President Trump’s planned rally in Phoenix tomorrow threatens to inflame ethnic and racial tensions in the country and further encourage racist and extremist far-right groups. This will be particularly so if President Trump, despite the opposition of Phoenix Mayor Greg Stanton,[1]  pardons the former elected sheriff of Maricopa County, in which Phoenix lies. It also further complicates NAFTA negotiations that just formally began.

Arizona was the site of some of Trump’s most incendiary campaign statements. In Tucson in March 2016 he implicitly started comparing immigrants to and asylum seekers in the United States to snakes by citing a poem about a treacherous snake[2] and suggesting extreme attitudes and harsh policies toward them. While refraining from those comparisons during his Phoenix rallies that helped propel him to the nomination, his rhetoric continued to be inflammatory and divisive. And now, coming from the mouth of the President, any praise for former Sheriff Arpaio, let alone a pardon, will be incendiary and weaken rule of law. It will also undermine efforts of Maricopa’s new sheriff Paul Penzone to heal relations between local communities and the police department in the county.[3]

Sheriff Arpaio promoted extreme anti-immigrant policing strategies, including shameful forced parades of apprehended undocumented workers in degrading clothing, and selective law enforcement obviously based on racial profiling of Latinos.[4] Becoming the lightning rod of immigration policy battles, Arpaio disregarded restraining instructions from the Department of Justice,  boasting in response that under his leadership, the Maricopa County  police department “arrested 500 more [Latinos] just for spite.”[5] At the end of July 2017, Arpaio was convicted of violating a judge’s order barring him from racially profiling Latinos, and now faces up to six months in prison.[6]

The Anti-Immigrant Agenda

Even prior to the possible pardon for Arpaio, the Trump administration revived the highly controversial 287(g) program under which local law enforcement officials can be deputized to perform immigration duties and can inquire about a person’s immigration status during routine policing, such as if one is caught jaywalking. That program coincided with Arizona’s Senate Bill 1070 of 2010, the country’s most severe anti-immigrant legislation criminalizing unauthorized immigration. The Arizona bill required immigrants to carry a proof of legal status, and punished those providing assistance to unauthorized immigrants.[7] Like the Arizona bill, the federal 287(g) program generated intense controversy, accusations of racial profiling, and lawsuits in Arizona’s Maricopa County, as  287(g) was invoked to justify major anti-immigration raids into immigrant neighborhoods. The program stigmatized immigrants of Hispanic origin – legal, second-generation, as well as undocumented workers. As a result, the Obama administration terminated the program in 2012. Moreover, as I detail in my Brookings Essay “The Wall,” such immigration policies undermine effective policing without helping the U.S. economy.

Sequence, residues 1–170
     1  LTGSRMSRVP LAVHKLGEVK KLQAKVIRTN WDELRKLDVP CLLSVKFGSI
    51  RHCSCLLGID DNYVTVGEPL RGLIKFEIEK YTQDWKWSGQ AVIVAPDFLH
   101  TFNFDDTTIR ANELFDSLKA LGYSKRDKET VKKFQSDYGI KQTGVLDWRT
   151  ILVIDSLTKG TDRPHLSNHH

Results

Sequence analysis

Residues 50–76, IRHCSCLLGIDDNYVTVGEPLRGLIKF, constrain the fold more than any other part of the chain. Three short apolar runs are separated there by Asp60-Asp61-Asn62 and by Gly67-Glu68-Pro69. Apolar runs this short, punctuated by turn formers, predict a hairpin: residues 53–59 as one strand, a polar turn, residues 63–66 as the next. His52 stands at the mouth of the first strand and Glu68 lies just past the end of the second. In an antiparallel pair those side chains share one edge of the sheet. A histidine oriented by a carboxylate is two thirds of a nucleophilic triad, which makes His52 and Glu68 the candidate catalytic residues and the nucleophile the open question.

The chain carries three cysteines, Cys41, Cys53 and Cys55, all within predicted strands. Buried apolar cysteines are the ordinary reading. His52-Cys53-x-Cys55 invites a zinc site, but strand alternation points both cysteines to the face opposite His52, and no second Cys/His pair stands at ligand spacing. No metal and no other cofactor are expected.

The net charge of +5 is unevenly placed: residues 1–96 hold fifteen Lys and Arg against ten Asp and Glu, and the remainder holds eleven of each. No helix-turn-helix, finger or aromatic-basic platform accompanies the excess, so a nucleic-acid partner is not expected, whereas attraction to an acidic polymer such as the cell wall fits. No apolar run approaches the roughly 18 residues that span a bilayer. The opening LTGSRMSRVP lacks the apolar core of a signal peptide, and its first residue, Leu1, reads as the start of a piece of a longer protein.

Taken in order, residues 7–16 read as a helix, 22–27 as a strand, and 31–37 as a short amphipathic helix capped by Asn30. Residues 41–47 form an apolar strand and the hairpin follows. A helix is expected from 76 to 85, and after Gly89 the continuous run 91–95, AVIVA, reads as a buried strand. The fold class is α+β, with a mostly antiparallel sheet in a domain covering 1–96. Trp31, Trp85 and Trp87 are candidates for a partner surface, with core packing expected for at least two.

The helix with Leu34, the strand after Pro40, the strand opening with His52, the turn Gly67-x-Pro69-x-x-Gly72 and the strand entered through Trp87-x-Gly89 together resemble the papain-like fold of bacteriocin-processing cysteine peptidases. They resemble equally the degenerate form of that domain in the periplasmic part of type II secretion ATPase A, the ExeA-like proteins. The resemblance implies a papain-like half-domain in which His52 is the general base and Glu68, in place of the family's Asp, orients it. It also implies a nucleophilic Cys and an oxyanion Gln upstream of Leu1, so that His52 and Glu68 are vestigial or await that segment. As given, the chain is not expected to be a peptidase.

Vigils or Vigilantes?

Additionally—and ominously—the atmosphere of intrusive and heavy-handed policing of immigration embraced by the Trump administration risks reviving the anti-immigrant militias that emerged along the U.S.-Mexico border in the early and mid-2000s because of anti-immigration laws such as Arizona’s SB 1070. Groups such as the Minutemen and their various spinoffs took it upon themselves to patrol the border and either provide information to Border Patrol agents or even to detain crossers themselves, often acting in ways at the edge of illegality and in some cases explicitly violating the law.[8] Some of the groups also sought to intimidate all migrants, whether or not there was any basis to believe that they were in the United States illegally, such as by photographing people at day labor centers or inside hospital emergency rooms.[9] Although for years, law enforcement authorities, such as in Arizona, allowed such militias to conduct their questionable patrols, many of the groups ultimately were unable to resist the temptation to engage in blatantly unlawful acts and self-destructed, with some members charged with murders and other groups splintering.[10] Despite their denials, some also intersected with and appealed to white supremacist groups, such as Aryan Nations. A revival of such groups would compromise human rights, civil liberties, and the rule of law in the United States under any circumstances; with the rise of white supremacy groups, it would be particularly dangerous.

A Poisoned Shaft to NAFTA

Finally, any statements praising Arpaio or embracing harsh anti-immigration policies in Phoenix will also complicate the NAFTA renegotiation effort that formally started on August 17. Like Trump’s repeated demand that Mexico pays for the border wall he wants to construct, the anti-immigration rhetoric poisons the political atmosphere in Mexico; and in their offensiveness, can undermine a problem-solving attitude on the part of Mexican negotiators. They thus constrict the political space Mexican negotiators have to concede on matters that the Trump administration wants from the renegotiations, such as rules of origin of goods and parts traded within NAFTA.[11]

Rather than trying to mobilize his base, President Trump should use his planned Phoenix address to calm the nation after the violence in Charlottesville. Instead of once again stigmatizing immigrants, he should unequivocally condemn racism and ethnic bigotry and all forms of violence. Instead of pardoning or praising Arpaio or encouraging policy brutality as he did on Long Island on July 28,[12] he must resolutely endorse the rule of law and everyone’s respect for human rights.